Movie Review-Magnificent Seven

September 23, 2016

I am always fearful of becoming "that old man" who thought everything was so much better in "the good old days", but the remake of The Magnificent Seven by director Antoine Fuqua reminds me of the great old western movies of my youth like The Wild Bunch, True Grit, A Fist Full of Dollars and The Man Who Shot Liberty Valance. Those were all morality plays with good versus evil and an obvious outlaw versus a noble defender of the people. The new Magnificent Seven is right there in the same spirit with the before mentioned classics. If I could have (like you could do in the old days) I'd would have sat in the theater all day and watched the movie over and over again (it's that good).

 

The Magnificent Seven is the best western genre movie that I've seen since 1992's Clint Eastwood's movie, Unforgiven. But this is a grittier and more graphic movie. I'd call it a "New School Version" of the old western classic film. There's no begging for mercy by the outlaws in this film. The Magnificent Seven's characters are shooting and killing with no remorse. 

 

Denzel Washington, who won his best actor Oscar working with Fuqua on Training Day, is the star of the film. He plays Sam Chisolm, the leader of the Seven. Ethan Hawke, also from Training Day, is Goodnight Robicheaux, the former lawman and expert sharp shooter in the bunch. Chris Pratt plays Josh Faraday. He offers most of the movie's comic relief as a card playing, gambling and hard drinking hired gun. Vincent D'Onofrio (Detective Goren on Law and Order-Criminal Intent) also offers some serious comedy as a mountain man with a high pitched voice. In his first scene in the movie he's described as "a bear wearing people clothes."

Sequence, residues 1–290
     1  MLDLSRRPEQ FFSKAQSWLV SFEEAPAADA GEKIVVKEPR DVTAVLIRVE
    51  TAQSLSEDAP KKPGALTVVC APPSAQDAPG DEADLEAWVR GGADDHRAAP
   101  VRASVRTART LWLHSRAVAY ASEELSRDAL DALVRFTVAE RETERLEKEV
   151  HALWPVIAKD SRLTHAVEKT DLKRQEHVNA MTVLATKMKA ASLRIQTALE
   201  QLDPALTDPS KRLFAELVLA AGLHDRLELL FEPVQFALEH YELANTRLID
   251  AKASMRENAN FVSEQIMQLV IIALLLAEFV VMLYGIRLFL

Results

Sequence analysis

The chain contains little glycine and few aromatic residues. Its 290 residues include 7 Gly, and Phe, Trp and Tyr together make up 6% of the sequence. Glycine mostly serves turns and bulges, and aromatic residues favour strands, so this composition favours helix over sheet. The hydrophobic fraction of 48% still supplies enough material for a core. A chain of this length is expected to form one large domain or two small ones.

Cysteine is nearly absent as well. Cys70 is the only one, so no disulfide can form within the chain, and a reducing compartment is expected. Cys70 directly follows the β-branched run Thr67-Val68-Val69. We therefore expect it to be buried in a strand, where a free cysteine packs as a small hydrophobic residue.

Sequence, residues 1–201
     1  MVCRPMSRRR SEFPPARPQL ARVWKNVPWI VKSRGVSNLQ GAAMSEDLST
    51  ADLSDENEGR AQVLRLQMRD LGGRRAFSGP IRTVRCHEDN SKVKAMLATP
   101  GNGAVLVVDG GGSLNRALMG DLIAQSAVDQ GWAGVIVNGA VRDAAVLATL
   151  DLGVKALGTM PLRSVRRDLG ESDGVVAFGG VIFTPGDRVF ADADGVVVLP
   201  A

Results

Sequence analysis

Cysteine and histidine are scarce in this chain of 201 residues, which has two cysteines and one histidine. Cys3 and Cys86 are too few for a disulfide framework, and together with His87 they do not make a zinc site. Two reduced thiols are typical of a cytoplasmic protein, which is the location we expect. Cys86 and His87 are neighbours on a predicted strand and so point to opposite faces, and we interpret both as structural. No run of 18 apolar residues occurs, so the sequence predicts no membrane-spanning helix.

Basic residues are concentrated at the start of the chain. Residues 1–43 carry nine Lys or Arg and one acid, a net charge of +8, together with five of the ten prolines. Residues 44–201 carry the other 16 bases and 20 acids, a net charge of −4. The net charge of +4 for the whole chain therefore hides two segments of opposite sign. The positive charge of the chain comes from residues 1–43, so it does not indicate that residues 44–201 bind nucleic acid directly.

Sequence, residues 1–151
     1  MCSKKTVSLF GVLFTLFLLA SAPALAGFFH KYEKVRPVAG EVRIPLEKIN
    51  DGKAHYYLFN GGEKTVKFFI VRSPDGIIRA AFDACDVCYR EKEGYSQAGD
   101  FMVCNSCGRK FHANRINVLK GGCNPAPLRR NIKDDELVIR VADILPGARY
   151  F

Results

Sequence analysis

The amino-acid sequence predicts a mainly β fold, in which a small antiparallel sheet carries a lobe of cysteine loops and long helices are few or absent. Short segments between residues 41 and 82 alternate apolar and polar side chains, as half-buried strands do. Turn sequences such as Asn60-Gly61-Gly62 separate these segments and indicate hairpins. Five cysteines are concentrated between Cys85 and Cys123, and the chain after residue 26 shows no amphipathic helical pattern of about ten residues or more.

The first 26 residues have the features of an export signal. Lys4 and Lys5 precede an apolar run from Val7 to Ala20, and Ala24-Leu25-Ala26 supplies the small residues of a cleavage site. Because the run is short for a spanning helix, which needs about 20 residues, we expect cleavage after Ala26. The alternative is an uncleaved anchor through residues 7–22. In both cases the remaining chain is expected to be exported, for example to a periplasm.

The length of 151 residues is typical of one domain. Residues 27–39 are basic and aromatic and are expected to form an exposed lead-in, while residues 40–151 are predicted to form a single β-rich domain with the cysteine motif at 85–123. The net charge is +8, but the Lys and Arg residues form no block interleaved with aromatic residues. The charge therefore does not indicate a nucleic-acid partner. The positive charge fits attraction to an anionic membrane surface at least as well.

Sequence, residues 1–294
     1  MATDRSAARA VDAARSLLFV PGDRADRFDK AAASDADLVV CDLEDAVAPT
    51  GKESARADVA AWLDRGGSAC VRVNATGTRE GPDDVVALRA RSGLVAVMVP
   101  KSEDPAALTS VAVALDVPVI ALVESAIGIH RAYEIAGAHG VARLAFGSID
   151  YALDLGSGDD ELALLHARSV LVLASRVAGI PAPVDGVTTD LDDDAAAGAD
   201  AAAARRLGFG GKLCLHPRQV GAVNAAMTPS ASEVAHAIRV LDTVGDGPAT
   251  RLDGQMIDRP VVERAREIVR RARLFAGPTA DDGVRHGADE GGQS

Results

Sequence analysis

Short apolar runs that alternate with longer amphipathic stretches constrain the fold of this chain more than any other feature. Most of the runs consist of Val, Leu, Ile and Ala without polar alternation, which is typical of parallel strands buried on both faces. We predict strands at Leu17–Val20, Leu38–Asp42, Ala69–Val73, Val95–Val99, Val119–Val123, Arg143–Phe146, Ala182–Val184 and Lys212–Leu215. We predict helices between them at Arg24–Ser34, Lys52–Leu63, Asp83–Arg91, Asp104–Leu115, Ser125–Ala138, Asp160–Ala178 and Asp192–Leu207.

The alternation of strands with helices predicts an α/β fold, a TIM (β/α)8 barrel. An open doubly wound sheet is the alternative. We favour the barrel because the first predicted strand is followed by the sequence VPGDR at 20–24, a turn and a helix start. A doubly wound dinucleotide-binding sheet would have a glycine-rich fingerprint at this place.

The first third of the movie is a comedy as Sam Chisolm recruits his Magnificent Seven along the way to Rose Creek, a town where an evil gold mine owner is terrorizing the entire town; grabbing up land and keeping the townspeople in line with an army of hired guns. That is until Denzel and his posse come to town and fight back to try and get the homes and land back for the citizens of Rose Creek. 

 

This movie is so much fun with plenty of gunfights, horse riding, fighting and plenty of explosions and laughs to go along with it. The Magnificent Seven is a thrill ride. It really is a movie you'll want to see more than once. 

 

The Magnificent Seven is rated "PG-13" for it's old west violence and it has a run time of two hours and twelve minutes. On my "Hollywood Popcorn Scale" it is off the chart and gets my highest rating ever; A JUMBO POPCORN with a JUMBO SODA! 
Hollywood Hernandez   
 

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